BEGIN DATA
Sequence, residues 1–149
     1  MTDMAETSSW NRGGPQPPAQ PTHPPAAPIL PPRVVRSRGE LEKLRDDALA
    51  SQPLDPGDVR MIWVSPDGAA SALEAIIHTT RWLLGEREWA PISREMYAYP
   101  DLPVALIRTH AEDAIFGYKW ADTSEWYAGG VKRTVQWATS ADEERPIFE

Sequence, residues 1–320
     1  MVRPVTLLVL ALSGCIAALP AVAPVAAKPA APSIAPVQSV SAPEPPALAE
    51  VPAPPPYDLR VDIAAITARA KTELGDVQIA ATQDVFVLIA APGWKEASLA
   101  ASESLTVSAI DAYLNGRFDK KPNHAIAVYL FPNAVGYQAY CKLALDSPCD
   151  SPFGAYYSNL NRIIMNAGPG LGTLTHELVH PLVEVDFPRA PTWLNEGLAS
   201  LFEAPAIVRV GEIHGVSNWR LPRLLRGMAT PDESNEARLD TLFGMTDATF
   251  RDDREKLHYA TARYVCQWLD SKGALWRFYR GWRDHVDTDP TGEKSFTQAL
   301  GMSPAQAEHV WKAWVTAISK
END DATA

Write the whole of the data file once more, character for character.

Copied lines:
Sequence, residues 1–149
     1  MTDMAETSSW NRGGPQPPAQ PTHPPAAPIL PPRVVRSRGE LEKLRDDALA
    51  SQPLDPGDVR MIWVSPDGAA SALEAIIHTT RWLLGEREWA PISREMYAYP
   101  DLPVALIRTH AEDAIFGYKW ADTSEWYAGG VKRTVQWATS ADEERPIFE

Sequence, residues 1–320
     1  MVRPVTLLVL ALSGCIAALP AVAPVAAKPA APSIAPVQSV SAPEPPALAE
    51  VPAPPPYDLR VDIAAITARA KTELGDVQIA ATQDVFVLIA APGWKEASLA
   101  ASESLTVSAI DAYLNGRFDK KPNHAIAVYL FPNAVGYQAY CKLALDSPCD
   151  SPFGAYYSNL NRIIMNAGPG LGTLTHELVH PLVEVDFPRA PTWLNEGLAS
   201  LFEAPAIVRV GEIHGVSNWR LPRLLRGMAT PDESNEARLD TLFGMTDATF
   251  RDDREKLHYA TARYVCQWLD SKGALWRFYR GWRDHVDTDP TGEKSFTQAL
   301  GMSPAQAEHV WKAWVTAISK